- Poster presentation
- Open Access
Loss of Rb1 by epigenetic modification regulates expansion of MDSC in cancer
© Youn et al.; licensee BioMed Central Ltd. 2014
- Published: 6 November 2014
- Histone Acetylation
- HDAC Inhibitor
- Epigenetic Modification
- Suppressor Cell
Myeloid-derived suppressor cells (MDSCs) are a heterogeneous group of cells with potent immune suppressive activity in cancer and many other pathologic conditions. MDSCs consist of two major subsets: monocytic MDSCs (M-MDSCs) and polymorphonuclear MDSCs (PMN-MDSCs). Each subset of MDSCs is thought to be developed through the separate differentiation pathways. Here, we demonstrated that in a tumor environment a large proportion of M-MDSCs acquired phenotypic, morphological and functional features of PMN-MDSCs while the normal counterpart of M-MDSCs-Ly6ChiLy6G- inflammatory monocytes (Mon) from tumor-free mice differentiate to macrophages (MΦ) and dendritic cells (DCs). This process was mediated by loss of the retinoblastoma (Rb1) protein in MDSCs. Inhibition of Rb1 expression in PMN-MDSCs correlated with the level of histone acetylation of Rb1 promoter. Treatment of PMN-MDSCs with inhibitors of histone deacetylases (HDAC) resulted in the increase in Rb1 expression. In addition, inhibition of HDAC abrogated differentiation of M-MDSCs to PMN-MDSCs, and restored M-MDSCs differentiation towards DCs and MΦ. These results suggest that down-regulation of Rb1 by epigenetic modification plays a major role in expansion of MDSCs in cancer by regulating PMN-MDSCs differentiation from M-MDSCs. Therefore, inhibition of MDSCs accumulation by treatment of HDAC inhibitors may be considered as a potential therapeutic tool in cancer immunotherapy.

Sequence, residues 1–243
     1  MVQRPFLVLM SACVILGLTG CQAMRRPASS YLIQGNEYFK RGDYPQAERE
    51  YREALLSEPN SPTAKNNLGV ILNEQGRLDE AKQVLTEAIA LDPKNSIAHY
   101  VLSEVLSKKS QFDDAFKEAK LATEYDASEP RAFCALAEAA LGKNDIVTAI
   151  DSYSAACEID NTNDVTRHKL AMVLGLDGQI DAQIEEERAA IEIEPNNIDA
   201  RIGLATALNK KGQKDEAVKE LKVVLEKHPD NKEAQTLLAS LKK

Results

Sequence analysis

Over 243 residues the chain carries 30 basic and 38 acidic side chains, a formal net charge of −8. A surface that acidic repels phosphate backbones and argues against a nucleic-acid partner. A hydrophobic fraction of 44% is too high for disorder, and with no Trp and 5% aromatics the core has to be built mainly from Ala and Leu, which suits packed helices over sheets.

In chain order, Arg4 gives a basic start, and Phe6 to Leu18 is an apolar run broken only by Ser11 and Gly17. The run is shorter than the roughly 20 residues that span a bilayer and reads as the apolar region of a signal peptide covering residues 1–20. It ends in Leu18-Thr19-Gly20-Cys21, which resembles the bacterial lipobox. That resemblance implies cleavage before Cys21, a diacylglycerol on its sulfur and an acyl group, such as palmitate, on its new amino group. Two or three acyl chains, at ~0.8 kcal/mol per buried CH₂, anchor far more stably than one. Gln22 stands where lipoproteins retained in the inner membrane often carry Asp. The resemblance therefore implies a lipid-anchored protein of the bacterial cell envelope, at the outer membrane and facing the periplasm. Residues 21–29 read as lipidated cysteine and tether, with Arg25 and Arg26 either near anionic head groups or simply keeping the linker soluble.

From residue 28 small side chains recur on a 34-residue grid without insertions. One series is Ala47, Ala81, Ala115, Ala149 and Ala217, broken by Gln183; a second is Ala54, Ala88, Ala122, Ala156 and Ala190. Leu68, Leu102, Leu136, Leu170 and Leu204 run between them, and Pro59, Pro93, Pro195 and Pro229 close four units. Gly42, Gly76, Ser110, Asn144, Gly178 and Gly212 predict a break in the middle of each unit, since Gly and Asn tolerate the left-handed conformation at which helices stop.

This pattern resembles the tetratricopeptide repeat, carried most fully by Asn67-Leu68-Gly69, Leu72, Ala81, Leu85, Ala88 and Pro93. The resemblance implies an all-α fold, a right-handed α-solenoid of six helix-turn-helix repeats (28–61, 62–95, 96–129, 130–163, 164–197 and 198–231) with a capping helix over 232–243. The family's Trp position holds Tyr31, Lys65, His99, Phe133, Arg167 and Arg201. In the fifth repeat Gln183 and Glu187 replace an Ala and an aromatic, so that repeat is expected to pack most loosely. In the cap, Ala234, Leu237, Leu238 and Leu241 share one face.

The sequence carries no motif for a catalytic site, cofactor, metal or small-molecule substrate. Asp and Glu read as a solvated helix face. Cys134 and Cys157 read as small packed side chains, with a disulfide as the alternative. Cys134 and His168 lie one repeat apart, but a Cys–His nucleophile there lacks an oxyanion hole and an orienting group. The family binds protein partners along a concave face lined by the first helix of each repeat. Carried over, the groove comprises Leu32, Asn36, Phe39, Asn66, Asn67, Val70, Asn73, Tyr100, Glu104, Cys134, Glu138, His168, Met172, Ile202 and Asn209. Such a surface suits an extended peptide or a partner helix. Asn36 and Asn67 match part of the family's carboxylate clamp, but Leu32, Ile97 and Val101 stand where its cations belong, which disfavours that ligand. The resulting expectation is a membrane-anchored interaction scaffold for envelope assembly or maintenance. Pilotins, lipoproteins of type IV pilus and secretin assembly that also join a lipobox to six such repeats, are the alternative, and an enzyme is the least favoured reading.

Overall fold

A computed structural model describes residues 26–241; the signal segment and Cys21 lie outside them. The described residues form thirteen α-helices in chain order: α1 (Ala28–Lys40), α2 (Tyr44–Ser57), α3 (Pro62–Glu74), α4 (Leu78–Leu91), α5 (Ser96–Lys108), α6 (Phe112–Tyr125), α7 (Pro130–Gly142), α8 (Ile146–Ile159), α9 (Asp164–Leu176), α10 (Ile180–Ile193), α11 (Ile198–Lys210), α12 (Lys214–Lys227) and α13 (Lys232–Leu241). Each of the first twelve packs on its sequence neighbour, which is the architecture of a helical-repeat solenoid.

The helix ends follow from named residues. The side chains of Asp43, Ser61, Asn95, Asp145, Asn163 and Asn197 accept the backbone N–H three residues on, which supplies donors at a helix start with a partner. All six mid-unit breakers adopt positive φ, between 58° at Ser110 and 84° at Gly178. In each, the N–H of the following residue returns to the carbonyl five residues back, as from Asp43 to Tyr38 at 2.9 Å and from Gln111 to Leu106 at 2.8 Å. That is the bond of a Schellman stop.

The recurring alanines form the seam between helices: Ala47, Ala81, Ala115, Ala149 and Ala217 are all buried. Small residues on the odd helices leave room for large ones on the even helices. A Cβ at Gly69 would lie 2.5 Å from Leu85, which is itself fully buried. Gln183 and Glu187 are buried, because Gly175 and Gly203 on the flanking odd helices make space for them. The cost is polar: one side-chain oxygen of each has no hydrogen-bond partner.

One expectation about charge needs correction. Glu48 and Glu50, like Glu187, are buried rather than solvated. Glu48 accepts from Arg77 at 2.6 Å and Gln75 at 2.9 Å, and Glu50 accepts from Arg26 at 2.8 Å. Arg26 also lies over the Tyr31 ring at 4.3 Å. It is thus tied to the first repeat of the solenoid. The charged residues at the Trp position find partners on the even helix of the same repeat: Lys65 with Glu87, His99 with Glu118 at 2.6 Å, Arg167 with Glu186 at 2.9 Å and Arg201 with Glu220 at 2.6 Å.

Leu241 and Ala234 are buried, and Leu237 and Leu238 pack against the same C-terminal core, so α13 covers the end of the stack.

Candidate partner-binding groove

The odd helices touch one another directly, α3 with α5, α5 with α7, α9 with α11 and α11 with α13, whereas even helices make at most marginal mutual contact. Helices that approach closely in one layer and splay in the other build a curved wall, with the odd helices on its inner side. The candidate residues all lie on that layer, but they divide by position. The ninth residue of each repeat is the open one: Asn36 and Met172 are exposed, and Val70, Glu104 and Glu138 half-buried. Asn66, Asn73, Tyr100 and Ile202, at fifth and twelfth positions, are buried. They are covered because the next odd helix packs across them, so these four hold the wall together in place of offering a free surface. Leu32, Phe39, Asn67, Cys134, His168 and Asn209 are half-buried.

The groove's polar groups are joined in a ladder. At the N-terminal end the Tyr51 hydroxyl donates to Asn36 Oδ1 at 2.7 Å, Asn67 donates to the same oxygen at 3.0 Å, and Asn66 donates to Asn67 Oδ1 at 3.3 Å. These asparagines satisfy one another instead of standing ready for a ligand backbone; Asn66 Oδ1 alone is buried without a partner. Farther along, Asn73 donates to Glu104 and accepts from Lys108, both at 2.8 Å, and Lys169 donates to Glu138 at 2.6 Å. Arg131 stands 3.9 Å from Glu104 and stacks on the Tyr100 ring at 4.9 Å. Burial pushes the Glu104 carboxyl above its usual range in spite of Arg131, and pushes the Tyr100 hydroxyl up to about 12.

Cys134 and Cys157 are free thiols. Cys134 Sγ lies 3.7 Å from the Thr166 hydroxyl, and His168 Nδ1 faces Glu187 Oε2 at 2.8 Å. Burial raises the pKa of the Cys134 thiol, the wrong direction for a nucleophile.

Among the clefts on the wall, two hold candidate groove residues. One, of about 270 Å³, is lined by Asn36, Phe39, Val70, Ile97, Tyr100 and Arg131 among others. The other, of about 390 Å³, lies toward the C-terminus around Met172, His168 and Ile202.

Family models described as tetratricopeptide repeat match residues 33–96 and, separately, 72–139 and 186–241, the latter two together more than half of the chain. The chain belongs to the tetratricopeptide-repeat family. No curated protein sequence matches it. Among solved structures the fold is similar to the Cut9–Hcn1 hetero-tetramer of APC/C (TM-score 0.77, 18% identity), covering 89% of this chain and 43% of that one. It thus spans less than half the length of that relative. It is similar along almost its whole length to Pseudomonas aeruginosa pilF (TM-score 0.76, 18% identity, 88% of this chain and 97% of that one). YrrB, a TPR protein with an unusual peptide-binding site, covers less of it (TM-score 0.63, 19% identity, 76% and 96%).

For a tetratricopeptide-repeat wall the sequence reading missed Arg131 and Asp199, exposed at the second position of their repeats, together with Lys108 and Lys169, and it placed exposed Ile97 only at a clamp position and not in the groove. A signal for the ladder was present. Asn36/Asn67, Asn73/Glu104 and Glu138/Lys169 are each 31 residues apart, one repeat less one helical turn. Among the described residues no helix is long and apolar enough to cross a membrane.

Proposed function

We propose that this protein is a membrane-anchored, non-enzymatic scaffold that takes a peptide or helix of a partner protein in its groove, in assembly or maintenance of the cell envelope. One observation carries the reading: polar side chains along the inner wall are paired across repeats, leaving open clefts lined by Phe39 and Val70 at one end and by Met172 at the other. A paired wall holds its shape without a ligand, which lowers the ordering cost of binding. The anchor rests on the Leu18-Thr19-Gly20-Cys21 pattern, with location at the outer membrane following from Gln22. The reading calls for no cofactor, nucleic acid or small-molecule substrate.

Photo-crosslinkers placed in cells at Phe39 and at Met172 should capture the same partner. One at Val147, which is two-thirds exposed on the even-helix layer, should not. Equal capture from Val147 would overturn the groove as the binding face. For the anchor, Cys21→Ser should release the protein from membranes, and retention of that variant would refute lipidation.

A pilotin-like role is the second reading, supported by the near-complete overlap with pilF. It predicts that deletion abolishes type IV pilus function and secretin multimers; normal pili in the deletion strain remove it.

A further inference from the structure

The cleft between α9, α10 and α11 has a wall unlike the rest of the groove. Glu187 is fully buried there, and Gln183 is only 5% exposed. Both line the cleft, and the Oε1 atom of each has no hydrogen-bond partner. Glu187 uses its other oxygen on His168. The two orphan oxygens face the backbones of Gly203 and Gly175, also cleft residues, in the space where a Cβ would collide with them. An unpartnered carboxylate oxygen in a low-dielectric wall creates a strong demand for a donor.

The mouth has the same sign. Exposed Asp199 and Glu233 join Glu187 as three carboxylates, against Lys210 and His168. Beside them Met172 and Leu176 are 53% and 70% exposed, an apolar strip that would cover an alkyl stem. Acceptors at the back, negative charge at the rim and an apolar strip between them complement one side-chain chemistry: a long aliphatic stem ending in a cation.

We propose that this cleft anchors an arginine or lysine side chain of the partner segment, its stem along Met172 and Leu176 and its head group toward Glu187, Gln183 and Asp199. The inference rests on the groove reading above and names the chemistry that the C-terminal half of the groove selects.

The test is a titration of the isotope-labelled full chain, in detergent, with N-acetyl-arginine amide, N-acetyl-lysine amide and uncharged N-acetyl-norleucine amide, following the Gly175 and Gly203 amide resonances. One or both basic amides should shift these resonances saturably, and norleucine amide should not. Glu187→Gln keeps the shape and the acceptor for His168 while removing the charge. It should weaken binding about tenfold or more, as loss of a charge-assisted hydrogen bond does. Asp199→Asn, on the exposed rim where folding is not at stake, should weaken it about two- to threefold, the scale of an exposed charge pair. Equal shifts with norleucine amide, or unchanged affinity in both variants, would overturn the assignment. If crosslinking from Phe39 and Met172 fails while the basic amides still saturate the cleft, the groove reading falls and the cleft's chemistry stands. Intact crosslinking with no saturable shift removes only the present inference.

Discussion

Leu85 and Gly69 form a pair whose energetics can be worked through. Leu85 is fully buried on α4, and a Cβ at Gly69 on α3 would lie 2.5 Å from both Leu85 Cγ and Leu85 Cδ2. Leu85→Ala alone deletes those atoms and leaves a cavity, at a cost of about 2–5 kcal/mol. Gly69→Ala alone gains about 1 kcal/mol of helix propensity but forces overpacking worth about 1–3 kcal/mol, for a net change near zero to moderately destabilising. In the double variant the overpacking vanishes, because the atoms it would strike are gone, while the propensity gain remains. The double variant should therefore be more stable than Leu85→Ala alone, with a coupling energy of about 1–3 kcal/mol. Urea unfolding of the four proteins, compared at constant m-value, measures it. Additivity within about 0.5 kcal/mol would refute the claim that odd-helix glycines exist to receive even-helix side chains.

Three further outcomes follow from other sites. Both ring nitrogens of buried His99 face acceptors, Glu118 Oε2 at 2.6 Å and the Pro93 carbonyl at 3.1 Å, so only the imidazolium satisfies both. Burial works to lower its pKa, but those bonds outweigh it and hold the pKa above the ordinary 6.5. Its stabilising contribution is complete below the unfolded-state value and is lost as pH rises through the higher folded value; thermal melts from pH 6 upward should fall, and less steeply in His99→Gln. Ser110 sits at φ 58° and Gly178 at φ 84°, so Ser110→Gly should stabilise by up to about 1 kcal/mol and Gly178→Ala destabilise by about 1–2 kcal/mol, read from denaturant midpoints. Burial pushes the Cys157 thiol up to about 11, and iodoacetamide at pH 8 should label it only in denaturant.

This article is published under license to BioMed Central Ltd. This is an Open Access article distributed under the terms of the Creative Commons Attribution License (http://creativecommons.org/licenses/by/4.0), which permits unrestricted use, distribution, and reproduction in any medium, provided the original work is properly cited. The Creative Commons Public Domain Dedication waiver (http://creativecommons.org/publicdomain/zero/1.0/) applies to the data made available in this article, unless otherwise stated.